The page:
They aren't just things. They are lives. They are memories. They are baby pictures, wedding pictures, the only pictures they had of deceased loved ones. They are family Bibles, personal Bibles, Mom and Dad's Bible. They are clothes, beds (you know, like the one you are used to sleeping in), and a favorite chair. They are the children's toys, the children's medical records, maybe all they have left of a child they lost. These things make up lives. They are memories of their lives, comfort in their lives, the place they lived their lives. And they are gone.
Try to wrap your brain around that for a moment.
I'll tell you the truth. I can't. I go on vacation for more than 6 days, and the urge to sleep in my own bed overtakes me, and I point the truck toward my driveway. Right now I am wearing my favorite sweatshirt, and my Bible and journal with all kinds of notes and revelations sit on the table beside me. I can get up, walk into my kitchen, make coffee, make bacon and eggs, and sit down to eat at the table that belonged to my late husband's grandmother.
I think too often we minimize the depth of the loss by babbling about the bright side. After all, most of them have their families, and really, that is all that matters. Really? Go spend three days in a hotel room with your family with no clothes, no computers/tablets/Gameboys, knowing you can't go home, no way of knowing when you will go home, or worse, being working or lower class not being able to afford adequate insurance to rebuild or pay off what is left of your mortgage and wondering what you are going to do now.
And do not even go down the "they should have..." road with me. I've heard the excuses of how people should have insurance, should prepare, should plan ahead. Here is the reality. Some people simply make enough money to hopefully pay the basic bills and buy food, and some weeks or months, they don't even succeed with that. Not because they aren't good stewards of their money but because they are the people who keep this nation running with the jobs most of us can't imagine ever having to do. Believe it or not, a person can be a hard worker and a good steward and still barely make ends meet and sometimes not even do that.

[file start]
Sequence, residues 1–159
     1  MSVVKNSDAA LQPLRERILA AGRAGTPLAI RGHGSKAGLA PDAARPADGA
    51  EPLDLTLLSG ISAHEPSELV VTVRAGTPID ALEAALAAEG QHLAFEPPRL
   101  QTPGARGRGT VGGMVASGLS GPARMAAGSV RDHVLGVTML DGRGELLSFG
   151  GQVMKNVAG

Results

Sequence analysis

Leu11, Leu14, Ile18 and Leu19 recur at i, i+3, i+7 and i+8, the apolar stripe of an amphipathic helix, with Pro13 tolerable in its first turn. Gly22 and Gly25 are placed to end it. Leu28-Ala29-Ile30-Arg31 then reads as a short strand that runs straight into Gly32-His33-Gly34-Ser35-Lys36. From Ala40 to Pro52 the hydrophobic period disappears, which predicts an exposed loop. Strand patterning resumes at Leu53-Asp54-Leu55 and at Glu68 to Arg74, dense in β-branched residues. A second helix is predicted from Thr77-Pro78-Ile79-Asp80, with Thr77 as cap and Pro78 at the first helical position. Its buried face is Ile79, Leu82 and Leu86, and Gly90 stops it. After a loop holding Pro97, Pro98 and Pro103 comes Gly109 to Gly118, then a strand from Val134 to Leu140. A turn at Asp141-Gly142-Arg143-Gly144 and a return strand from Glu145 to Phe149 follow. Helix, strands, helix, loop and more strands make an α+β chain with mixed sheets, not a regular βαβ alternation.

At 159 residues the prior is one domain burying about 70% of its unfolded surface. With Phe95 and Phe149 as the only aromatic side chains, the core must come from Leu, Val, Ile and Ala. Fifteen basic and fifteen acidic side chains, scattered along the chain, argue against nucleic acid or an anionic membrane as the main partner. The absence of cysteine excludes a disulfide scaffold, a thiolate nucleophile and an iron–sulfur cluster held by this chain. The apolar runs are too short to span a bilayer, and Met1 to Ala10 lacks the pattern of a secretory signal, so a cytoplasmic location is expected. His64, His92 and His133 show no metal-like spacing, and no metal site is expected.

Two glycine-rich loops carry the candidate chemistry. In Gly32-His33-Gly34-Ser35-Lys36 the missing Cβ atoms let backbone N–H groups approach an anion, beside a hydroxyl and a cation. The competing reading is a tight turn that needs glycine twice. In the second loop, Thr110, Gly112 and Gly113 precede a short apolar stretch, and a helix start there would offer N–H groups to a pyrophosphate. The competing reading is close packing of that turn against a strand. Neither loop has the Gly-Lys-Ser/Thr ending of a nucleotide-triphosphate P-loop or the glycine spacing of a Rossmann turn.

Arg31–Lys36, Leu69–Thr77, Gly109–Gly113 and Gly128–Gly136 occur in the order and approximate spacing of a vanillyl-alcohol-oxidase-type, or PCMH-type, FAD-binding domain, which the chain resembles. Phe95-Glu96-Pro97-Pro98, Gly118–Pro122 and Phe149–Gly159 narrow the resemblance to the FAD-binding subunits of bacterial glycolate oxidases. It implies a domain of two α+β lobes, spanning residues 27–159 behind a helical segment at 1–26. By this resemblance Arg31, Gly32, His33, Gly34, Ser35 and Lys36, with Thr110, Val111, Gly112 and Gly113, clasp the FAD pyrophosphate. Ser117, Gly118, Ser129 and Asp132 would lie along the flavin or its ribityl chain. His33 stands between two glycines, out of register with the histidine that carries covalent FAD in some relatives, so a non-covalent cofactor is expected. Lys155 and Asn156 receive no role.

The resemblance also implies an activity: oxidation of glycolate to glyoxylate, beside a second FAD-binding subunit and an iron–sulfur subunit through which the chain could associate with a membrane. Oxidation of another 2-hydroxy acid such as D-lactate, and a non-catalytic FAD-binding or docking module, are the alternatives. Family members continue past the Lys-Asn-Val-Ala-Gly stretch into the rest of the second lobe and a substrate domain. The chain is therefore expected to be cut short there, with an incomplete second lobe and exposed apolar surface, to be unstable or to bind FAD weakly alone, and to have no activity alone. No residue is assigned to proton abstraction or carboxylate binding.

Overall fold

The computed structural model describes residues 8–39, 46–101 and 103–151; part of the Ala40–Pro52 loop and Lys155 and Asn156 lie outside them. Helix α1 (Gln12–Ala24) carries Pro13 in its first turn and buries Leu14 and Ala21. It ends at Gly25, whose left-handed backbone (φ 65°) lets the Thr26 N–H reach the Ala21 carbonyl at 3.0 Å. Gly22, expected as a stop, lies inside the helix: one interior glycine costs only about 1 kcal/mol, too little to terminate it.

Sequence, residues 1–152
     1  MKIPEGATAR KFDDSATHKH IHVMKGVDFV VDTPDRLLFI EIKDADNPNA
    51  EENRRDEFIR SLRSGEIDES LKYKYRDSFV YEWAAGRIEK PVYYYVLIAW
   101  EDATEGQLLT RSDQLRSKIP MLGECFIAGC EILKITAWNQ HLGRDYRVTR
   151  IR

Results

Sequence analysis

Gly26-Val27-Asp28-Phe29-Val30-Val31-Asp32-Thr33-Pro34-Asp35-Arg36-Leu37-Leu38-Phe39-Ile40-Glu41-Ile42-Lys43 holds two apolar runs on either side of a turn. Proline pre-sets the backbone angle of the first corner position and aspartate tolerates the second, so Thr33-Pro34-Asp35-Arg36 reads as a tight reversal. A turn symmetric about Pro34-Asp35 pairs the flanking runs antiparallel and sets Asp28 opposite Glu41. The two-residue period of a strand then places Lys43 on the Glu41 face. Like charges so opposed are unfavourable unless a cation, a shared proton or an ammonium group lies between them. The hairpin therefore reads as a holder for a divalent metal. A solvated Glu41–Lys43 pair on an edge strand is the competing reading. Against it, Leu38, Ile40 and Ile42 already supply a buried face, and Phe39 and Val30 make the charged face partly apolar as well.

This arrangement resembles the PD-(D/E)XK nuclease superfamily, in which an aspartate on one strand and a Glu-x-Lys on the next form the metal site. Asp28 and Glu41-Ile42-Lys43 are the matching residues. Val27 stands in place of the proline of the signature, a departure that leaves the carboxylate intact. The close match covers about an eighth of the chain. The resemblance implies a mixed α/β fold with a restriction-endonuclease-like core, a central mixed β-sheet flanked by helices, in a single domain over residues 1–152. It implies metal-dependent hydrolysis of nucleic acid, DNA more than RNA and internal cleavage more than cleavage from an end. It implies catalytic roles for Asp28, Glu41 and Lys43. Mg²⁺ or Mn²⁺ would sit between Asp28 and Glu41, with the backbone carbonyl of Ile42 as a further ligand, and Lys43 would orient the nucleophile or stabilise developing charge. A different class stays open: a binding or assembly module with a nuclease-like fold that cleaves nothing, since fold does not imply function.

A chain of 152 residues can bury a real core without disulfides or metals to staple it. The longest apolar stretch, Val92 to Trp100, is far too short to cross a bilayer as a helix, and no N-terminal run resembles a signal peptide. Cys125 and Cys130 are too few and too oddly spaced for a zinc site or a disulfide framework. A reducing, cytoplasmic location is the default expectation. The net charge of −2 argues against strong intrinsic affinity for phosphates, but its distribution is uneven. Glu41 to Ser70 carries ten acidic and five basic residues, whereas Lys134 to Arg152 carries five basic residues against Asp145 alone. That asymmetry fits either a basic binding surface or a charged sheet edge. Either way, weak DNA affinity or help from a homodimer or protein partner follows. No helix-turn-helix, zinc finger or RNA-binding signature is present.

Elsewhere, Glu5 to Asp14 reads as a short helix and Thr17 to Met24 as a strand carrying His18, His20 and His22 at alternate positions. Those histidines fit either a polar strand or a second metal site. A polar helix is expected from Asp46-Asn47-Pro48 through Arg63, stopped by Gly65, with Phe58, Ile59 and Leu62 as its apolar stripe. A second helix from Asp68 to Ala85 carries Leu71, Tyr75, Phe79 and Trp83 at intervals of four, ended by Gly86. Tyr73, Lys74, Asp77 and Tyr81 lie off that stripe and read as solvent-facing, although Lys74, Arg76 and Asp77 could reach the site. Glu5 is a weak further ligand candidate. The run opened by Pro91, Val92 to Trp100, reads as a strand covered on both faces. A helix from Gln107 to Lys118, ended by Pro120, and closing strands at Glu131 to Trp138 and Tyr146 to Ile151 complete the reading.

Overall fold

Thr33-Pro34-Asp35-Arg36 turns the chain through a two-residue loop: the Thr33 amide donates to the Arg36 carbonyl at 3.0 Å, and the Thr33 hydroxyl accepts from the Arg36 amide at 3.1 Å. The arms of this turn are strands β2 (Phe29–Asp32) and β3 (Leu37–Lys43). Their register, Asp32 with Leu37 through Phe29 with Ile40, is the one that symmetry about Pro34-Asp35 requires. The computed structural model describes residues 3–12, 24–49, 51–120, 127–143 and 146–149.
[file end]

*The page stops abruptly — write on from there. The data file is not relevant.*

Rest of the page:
Speaking of hard workers, it is hard to work when the business that employed you is flooded, destroyed, or closed for who knows how long. Now how are you going to pay for the food to feed your family that is staying in the hotel room until who knows when? How are you going to pay for the hotel?
See, we dismiss the greatness of the loss by saying, "It's just things," but it isn't just things. These are places where lives are lived, and right now, there is no way to live there.
Yes, these people will overcome like others have done, but for just a moment, instead of simply saying a prayer and trusting God to do something, stop and ask yourself if you are the something God wants to do.
Are you the hands and feet to help clean out soaked and stinking household items?
Are the face of Jesus smiling as you pour out a bowl of gumbo?
Are you the one finding every industrial coffee maker in the area church kitchens so you can spend your day making coffee for the people who are working tirelessly to love on people in shelters?
Are you the rich man giving to the poor from your income?
Are you the organizational wizard connecting with folks to find out when a good time a team from your church can go and be useful in some way?
Are you the strength packing the trailers with clothing, food, diapers, and baby formula heading to folks who have no way or place to buy it there?
Are you the comfort buying up the character bedding at the store to take to kids who need something that feels special because they need to feel special?
Absolutely be a person of faith and pray for God to be the answer for these people,
but I encourage you to be a person of courage as well and ask God how He wants to be the answer through you.
If you want more information on what you can do or where to go to help in Louisiana, Rod Dreher at the American Conservative can help you connect with the right folks.
copyright 2016 Jerri L. Kelley